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What do we know so far about COVID-19 and alkalinity? | Covid-19 Expert Database What do we know so far about COVID-19 and alkalinity? | Covid-19 Expert Database

COVID-19 Expert Database


What do we know so far about COVID-19 and alkalinity?

Last modified on 10 July 2020

What our experts say

Eating more acidic or alkaline foods is not related to an increased or decreased risk of COVID-19 infection. Widely circulated social media posts falsely suggest that the pH of COVID-19 ranges from 5.5 to 8.5. Often these posts advise readers to eat alkaline foods (specifically fruits and vegetables) with a pH of more than 8.5 to prevent COVID-19.  Viruses themselves do not have pH levels, because they are not water-based solutions.

In chemistry, pH (power of hydrogen, or potential for hydrogen) is a scale used for water-based solutions to indicate if they are acidic (pH below 7, with a lower pH indicating a stronger acid), neutral (pH around 7), or basic (pH above 7, with a higher indicating a stronger base). Since viruses are not water-based, the pH scale does not apply to the novel coronavirus SARS-CoV-2, the disease that causes COVID-19.

While some illnesses or medications may cause blood pH levels to increase or decrease in our bodies, foods eaten as part of a regular diet do not have a significant impact on blood pH.  Saliva and urine pH may change in response to diet, but these changes are variable from person to person and** will not prevent or cure COVID-19.**

The posts in question seem to consistently refer to a 1991 paper in which another type of coronavirus, the coronavirus mouse hepatitis type 4 (MHV4), was studied in mouse or rat cells in a solution with a pH of 5.5 to 8.5.  Mice and rats are not the same as humans, and this study was not conducted in humans or on human cells. In addition, MHV4 is not the same as the SARS-Cov-2 virus that causes COVID-19, and this study was performed well before the SARS-Cov-2 was discovered in 2019.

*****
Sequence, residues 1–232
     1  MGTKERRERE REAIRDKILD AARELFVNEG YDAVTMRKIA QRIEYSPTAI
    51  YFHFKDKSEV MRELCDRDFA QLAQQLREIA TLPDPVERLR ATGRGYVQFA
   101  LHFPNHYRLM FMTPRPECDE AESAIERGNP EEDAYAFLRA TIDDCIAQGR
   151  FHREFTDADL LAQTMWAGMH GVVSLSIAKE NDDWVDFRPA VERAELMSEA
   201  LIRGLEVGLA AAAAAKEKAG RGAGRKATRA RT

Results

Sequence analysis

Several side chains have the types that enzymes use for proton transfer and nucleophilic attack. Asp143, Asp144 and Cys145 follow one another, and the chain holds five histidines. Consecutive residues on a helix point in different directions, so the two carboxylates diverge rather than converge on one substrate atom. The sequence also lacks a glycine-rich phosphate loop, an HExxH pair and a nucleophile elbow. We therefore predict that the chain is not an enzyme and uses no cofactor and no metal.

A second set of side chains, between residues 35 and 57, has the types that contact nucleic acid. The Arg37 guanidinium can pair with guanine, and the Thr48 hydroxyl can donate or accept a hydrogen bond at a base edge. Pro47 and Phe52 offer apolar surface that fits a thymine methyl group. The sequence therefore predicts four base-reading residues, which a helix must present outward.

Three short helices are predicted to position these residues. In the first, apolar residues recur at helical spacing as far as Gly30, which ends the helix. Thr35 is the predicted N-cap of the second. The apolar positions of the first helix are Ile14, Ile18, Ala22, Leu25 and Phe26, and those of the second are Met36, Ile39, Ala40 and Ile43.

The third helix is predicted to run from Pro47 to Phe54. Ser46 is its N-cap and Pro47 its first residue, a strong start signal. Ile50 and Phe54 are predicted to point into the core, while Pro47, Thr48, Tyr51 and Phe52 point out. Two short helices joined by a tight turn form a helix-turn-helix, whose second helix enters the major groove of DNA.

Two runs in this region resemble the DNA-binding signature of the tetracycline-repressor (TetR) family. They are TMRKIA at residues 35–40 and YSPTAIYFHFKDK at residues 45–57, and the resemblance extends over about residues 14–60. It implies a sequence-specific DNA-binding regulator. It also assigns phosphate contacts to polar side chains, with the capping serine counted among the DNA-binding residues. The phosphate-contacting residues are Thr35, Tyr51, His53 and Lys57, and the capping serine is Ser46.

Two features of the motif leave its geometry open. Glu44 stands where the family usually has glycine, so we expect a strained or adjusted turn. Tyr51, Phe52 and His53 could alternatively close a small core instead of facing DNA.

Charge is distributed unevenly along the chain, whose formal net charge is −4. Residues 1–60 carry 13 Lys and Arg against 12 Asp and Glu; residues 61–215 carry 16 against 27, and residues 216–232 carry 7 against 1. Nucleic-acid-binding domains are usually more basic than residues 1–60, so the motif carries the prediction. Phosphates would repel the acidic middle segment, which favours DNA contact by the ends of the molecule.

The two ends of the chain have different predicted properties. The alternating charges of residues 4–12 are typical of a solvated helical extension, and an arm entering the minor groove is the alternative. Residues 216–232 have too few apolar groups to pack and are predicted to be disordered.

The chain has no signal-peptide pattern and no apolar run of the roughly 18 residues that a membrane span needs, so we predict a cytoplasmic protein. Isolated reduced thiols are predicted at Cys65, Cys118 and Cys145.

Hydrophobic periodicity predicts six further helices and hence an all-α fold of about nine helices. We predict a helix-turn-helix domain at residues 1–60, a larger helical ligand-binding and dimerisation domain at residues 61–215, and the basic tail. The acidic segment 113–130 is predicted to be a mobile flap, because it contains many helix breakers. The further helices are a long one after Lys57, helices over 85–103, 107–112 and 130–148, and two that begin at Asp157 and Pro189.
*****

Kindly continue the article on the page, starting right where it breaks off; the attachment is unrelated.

Eating a well-balanced diet including a variety of fruits and vegetables can help support immune function which may help to prevent illness in general, but there is not enough evidence to suggest that a well-balanced diet would be effective in preventing or treating COVID-19.  

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Context and background

In chemistry, alkaline is an adjective that is sometimes used to describe a subset of bases that dissolve in water. Alkalinity, however, is a different term used by oceanographers and hydrologists to describe the capacity of water to resist pH changes that would make it more acidic, in contrast to basicity which refers to a measurement on the pH scale above 7. When food is described as alkaline, this is often based on misconceptions about the impacts of eating food on the pH of the body. Fluids associated with various organs and tissues in the body have different typical pH levels; for example, the stomach operates at an acidic pH for digestion. Eating food does not have a significant impact on blood pH as this is regulated by the body to stay relatively neutral (pH of 7.35 to 7.45).

One popular social media post incorrectly applies a research study about another type of coronavirus called mouse hepatitis type 4 (MHV4), and also lists food items with pH values that are inaccurate. For example, lemons are falsely listed to have a pH of 9.9 (the true pH is closer to 2-2.6) and avocados with a pH of 15.6 (the true pH is likely 6.27-6.58). For reference, the pH scale only goes from 0 to 14, and food products are generally within a pH range of about 2 to 8. It is important to note that eating more alkaline food does not change the risk of COVID-19 infection or treat COVID-19.


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  1. Approximate pH of Foods and Food Products, 2003 (U.S. FDA Web Capture)
  2. pH Values of Common Foods and Ingredients (Clemson)
  3. Complete Guide to Home Canning, Guide 1 Principles of Home Canning, 2015 (USDA)
  4. Alteration of the pH Dependence of Coronavirus-Induced Cell Fusion: Effect of mutations in the Spike Glycoprotein, 1991 (Journal of Virology)
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